There are certain subjects, such as Church doctrine, that are non-negotiable. Period. Ever. Skirts/dresses are not Church dogma. Modest and feminine, yes. Certainly, a fine ideal, and a goal to shoot for. But the realization that everyone's life does not, in all situations, safely permit a skirts/dresses only, ever, stance, is important as well. Christian charity dictates that I understand that while the Church certainly is concerned with modesty and a proper understanding of the differences in the roles of the two genders, the Church is also most certainly not going to tell someone "Women must always wear skirts/dresses, else they be damned to Hell, regardless of their personal safety and well-being". It may be a matter of discipline, in some religious orders, it may be a matter of personal conviction. However, it is not a doctrine of the Church--not even a discipline, and therefore, we must, in all loving-kindness, remember that our sisters in Christ, who are on the same journey we are in this world, are not all at the same point we are. We are all going down the same road, but we have different perspectives on it, and our experiences of that journey, along it, are going to be radically different in some ways, and very similar in others.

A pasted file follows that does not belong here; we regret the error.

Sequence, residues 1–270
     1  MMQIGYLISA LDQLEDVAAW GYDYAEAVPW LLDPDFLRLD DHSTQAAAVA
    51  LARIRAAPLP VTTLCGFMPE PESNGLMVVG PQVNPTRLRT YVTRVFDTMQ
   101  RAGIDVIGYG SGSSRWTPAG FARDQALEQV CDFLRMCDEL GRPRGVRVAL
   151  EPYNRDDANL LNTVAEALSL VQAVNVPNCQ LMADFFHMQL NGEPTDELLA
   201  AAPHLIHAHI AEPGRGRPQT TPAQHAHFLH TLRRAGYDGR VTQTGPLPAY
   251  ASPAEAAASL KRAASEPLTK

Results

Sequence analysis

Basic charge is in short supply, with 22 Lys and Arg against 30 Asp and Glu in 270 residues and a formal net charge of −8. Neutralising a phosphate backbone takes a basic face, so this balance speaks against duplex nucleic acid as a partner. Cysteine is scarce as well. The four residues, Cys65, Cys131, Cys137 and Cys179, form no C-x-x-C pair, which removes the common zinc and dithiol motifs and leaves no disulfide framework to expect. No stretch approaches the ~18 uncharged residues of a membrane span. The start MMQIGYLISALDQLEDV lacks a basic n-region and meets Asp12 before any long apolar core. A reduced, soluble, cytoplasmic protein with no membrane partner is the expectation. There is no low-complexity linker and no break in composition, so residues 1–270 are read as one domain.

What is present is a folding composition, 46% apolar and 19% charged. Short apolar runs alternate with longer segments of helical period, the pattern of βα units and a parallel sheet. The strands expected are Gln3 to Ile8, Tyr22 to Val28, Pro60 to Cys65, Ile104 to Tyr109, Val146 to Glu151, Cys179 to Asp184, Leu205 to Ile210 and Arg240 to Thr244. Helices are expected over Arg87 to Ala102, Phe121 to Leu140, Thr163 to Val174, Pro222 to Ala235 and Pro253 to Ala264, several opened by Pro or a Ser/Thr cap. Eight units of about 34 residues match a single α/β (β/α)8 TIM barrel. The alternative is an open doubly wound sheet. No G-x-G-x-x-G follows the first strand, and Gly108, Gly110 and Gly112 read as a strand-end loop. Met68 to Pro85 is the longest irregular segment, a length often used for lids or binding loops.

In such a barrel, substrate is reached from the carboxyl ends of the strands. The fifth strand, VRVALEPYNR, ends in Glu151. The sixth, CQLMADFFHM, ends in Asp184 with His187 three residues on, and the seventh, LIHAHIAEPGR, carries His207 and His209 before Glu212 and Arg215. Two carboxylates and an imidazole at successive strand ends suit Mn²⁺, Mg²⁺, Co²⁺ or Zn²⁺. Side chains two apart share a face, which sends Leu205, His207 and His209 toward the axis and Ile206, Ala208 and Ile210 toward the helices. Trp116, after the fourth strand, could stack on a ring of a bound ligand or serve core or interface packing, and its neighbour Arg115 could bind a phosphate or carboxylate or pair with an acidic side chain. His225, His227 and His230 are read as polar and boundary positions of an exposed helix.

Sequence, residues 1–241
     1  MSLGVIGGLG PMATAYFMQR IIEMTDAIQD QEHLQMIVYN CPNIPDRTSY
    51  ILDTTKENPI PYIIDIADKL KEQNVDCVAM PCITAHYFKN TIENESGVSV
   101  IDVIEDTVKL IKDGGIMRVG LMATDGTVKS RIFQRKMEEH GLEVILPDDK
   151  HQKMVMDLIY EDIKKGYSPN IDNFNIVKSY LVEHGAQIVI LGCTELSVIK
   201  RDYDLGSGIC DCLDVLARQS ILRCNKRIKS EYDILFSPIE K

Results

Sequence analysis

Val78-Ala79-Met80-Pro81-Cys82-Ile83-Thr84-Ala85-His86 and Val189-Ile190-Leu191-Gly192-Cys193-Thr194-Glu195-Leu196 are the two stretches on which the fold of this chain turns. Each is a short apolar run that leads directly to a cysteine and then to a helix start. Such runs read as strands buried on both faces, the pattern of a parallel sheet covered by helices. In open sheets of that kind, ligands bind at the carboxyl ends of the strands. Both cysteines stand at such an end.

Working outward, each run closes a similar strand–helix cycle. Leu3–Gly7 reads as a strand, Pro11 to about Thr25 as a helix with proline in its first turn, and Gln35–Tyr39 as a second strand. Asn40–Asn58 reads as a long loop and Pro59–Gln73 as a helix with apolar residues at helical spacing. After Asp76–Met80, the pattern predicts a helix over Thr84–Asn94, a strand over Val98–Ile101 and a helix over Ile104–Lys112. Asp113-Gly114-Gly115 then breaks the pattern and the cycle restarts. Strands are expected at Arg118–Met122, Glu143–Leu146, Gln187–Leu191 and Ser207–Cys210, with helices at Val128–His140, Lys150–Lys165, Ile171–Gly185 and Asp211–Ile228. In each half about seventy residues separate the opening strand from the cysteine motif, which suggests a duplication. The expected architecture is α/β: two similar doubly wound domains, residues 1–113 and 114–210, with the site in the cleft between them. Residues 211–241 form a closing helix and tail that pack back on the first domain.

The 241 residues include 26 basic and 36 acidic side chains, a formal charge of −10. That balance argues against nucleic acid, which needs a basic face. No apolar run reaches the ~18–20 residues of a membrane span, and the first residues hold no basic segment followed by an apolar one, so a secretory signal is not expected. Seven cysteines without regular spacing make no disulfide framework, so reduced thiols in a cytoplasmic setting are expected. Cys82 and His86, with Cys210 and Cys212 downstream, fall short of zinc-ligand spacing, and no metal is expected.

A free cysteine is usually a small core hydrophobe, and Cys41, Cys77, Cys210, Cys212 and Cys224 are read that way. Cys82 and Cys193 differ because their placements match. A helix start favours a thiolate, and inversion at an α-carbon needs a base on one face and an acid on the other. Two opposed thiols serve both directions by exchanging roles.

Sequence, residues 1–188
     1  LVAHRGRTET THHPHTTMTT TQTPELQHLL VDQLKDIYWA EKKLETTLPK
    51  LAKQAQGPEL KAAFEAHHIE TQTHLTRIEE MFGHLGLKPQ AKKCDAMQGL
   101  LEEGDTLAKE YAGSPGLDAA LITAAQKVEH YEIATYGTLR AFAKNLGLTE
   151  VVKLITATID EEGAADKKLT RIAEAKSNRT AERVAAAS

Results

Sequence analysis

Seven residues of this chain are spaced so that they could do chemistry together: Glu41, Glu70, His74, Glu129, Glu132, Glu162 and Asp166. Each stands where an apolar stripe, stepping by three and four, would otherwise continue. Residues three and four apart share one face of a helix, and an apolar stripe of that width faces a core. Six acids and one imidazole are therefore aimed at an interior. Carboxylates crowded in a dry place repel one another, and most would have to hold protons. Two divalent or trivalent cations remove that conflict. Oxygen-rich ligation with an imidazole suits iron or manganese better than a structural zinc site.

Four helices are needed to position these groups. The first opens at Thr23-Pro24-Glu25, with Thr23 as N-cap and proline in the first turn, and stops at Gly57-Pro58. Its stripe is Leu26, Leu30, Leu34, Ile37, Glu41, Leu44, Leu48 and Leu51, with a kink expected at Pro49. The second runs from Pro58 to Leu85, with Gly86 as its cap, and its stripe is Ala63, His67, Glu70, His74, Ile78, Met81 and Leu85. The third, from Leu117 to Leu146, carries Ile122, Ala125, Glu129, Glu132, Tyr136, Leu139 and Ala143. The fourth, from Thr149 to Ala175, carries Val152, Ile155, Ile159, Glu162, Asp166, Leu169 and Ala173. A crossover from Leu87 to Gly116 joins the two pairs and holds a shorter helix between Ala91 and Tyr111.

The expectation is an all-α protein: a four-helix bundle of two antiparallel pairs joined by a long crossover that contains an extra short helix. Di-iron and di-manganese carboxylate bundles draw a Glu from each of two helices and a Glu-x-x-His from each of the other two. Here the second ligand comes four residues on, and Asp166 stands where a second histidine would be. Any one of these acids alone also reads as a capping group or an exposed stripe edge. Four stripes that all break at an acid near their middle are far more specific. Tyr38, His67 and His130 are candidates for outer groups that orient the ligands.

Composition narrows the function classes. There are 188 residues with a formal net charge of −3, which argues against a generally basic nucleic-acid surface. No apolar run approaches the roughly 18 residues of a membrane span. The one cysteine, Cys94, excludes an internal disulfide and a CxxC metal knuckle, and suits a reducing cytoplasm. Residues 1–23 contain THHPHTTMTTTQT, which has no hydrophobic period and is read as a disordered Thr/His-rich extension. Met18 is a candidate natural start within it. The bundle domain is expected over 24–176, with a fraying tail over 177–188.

It may be, that a given woman of your acquaintance, dresses what she considers "modest" (and many in the world would also consider it such). But you do not. Maybe her skirts are too high (or close to the knee) for your tastes. Maybe she doesn't wear skirts at all (for reasons you may know nothing about). But it remains incumbent on us, to love her just the same, to kindly, and charitably, remember her in our prayers for all the Church militant. Because God is, hopefully, working on her life, the way He has worked, is working, and will continue to work in your own. To pointedly denounce a sister in Christ, for her lack of dressing according to your standards, is not a good thing. It is, to my way of thinking, injurious. What are you showing her (and those who may be privy to your thoughts on her in particular)? Are you showing her a loving, kind, and modest spirit, understanding that her situation is not yours, that Christ may be working with her in an entirely different area than He is working with/in your own? And that perhaps, in time, with a proper attitude of loving kindness, charity, a faithful adherence to a non-judgemental attitude, and above all, JOY! she will come to see a different level of modesty and femininity for the treasures that they are (one not being exclusive to the other?).